Windows 8

Re: Windows 8

Postby Teaos » Fri Oct 26, 2012 7:45 pm

Even a flop for Microsoft is a massive win for any other company bar Apple.

The problem they have is they can only afford, one, maybe two more big flops, or even medium flops, before they finally loose their strangle hold on the market.
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Re: Windows 8

Postby Captain Picard's Hair » Fri Oct 26, 2012 8:18 pm

Teaos wrote:Even a flop for Microsoft is a massive win for any other company bar Apple.

The problem they have is they can only afford, one, maybe two more big flops, or even medium flops, before they finally loose their strangle hold on the market.


The whole point of the endeavor is that this isn't a routine Windows update meant to maintain the status quo. Microsoft seems to have sensed a changing market since Win 7 came out with the rise of tablets and the so-called "post-PC" world. As others have said, Microsoft has no foothold in these new markets at the moment: this is their gamble at remaining relevant in the changing face of computing.
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Re: Windows 8

Postby Tyyr » Tue Oct 30, 2012 1:03 pm

The problem they have is they can only afford, one, maybe two more big flops, or even medium flops, before they finally loose their strangle hold on the market.

To what?

Business users aren't going anywhere. They've got too much invested in Windows to jump ship on it. They'll likely do the same thing they did with Vista, just stay with their current system and wait for Microsoft to pull it's head out of its ass. The whims of business dictate to Microsoft what they're going to do. If the business world looks at a version of Windows and goes, "NOPE!" then you can be damn sure Microsoft is going to react and try to fix it for them.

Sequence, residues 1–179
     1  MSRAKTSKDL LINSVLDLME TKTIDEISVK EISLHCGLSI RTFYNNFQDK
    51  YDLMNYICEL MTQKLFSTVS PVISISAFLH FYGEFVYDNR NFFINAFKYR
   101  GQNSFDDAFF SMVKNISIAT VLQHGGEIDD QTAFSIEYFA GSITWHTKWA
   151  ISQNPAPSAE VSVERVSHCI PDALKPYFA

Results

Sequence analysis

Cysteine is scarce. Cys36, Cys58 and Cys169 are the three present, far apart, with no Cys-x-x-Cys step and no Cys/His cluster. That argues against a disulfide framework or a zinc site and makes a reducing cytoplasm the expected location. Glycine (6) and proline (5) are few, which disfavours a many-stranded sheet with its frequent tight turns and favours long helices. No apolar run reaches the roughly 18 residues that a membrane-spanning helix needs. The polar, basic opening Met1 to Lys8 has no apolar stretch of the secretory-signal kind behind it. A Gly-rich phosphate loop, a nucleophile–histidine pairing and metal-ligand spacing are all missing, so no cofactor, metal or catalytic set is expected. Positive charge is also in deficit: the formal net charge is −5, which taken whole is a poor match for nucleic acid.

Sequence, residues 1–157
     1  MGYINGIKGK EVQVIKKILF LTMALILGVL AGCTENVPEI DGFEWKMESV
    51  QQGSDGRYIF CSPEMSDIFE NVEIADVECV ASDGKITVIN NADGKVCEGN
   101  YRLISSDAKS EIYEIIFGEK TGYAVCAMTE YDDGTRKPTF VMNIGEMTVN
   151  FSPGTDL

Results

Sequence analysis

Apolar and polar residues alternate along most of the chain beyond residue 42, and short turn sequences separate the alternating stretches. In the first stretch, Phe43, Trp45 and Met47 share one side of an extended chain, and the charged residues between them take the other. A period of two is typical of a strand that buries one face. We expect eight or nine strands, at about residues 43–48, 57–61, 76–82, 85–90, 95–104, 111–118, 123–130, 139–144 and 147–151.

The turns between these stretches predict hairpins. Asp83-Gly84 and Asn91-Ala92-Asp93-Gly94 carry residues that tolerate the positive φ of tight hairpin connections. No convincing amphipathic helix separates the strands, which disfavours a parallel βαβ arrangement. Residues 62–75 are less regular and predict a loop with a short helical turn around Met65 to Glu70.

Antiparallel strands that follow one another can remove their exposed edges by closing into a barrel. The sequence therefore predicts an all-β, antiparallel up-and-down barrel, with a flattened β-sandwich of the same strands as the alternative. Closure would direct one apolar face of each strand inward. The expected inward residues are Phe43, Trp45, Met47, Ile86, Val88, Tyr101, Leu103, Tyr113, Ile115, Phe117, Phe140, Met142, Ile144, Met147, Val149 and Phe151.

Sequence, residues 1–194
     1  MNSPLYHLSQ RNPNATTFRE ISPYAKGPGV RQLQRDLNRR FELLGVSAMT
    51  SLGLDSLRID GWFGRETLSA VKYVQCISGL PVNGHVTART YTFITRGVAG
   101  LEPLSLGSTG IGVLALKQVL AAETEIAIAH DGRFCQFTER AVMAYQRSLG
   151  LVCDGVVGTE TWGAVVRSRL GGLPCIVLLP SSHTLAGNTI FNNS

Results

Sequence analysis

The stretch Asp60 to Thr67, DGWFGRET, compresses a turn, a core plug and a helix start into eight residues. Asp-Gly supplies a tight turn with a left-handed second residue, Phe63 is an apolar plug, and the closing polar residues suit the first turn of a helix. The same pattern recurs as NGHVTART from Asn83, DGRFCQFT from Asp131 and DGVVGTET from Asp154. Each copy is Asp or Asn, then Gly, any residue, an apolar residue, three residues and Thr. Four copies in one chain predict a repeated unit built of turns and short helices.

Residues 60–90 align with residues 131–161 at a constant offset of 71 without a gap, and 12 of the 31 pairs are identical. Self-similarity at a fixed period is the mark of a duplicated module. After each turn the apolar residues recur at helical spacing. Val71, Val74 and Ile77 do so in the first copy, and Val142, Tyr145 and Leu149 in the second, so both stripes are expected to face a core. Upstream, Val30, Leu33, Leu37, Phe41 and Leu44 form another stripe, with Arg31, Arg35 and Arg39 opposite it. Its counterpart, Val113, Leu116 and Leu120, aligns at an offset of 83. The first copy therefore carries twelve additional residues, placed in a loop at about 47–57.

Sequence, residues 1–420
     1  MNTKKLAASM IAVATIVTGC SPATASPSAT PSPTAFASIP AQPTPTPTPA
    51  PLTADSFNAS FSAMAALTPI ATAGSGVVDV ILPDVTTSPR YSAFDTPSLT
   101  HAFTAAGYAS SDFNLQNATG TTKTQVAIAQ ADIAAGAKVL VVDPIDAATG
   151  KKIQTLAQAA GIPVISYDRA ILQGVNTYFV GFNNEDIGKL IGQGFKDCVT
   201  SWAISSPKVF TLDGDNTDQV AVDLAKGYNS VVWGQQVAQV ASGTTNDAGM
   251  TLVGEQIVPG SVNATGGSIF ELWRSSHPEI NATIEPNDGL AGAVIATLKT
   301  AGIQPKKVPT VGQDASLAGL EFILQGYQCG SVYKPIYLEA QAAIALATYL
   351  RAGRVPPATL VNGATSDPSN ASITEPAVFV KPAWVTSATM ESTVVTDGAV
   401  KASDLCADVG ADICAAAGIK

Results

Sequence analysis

Home users are heavily influenced by what they know and what they use at the office. The average user wants nothing to do with Linux and likely never will. Mac's may make up some ground but people are not unlike businesses in that they are heavily invested in Windows and aren't going to jump ship easily.

Microsoft seems to have sensed a changing market since Win 7 came out with the rise of tablets and the so-called "post-PC" world. As others have said, Microsoft has no foothold in these new markets at the moment: this is their gamble at remaining relevant in the changing face of computing.

Ugh, this "post-PC" bullshit. No one is changing in their desktops for tablets any time soon. The same way that the laptop did not rid the world of desktops, tablets will not do it either. They will find a place in the continum of computing the same as other devices are. The desktop isn't going anywhere and neither is Microsoft's share of that market. It's an attempt to have their "thing" they can crow about to differentiate themselves from others in the market for smartphones and tablets. Apple has the hipsters and people who don't like computers. Android has the people who hate Apple and/or aren't terrified of the idea of tinkering with their stuff. Microsoft is going to try and market themselves as having a completely integrated range of offerings that their tablets work like your desktop which works like your phone which is a tiny tablet.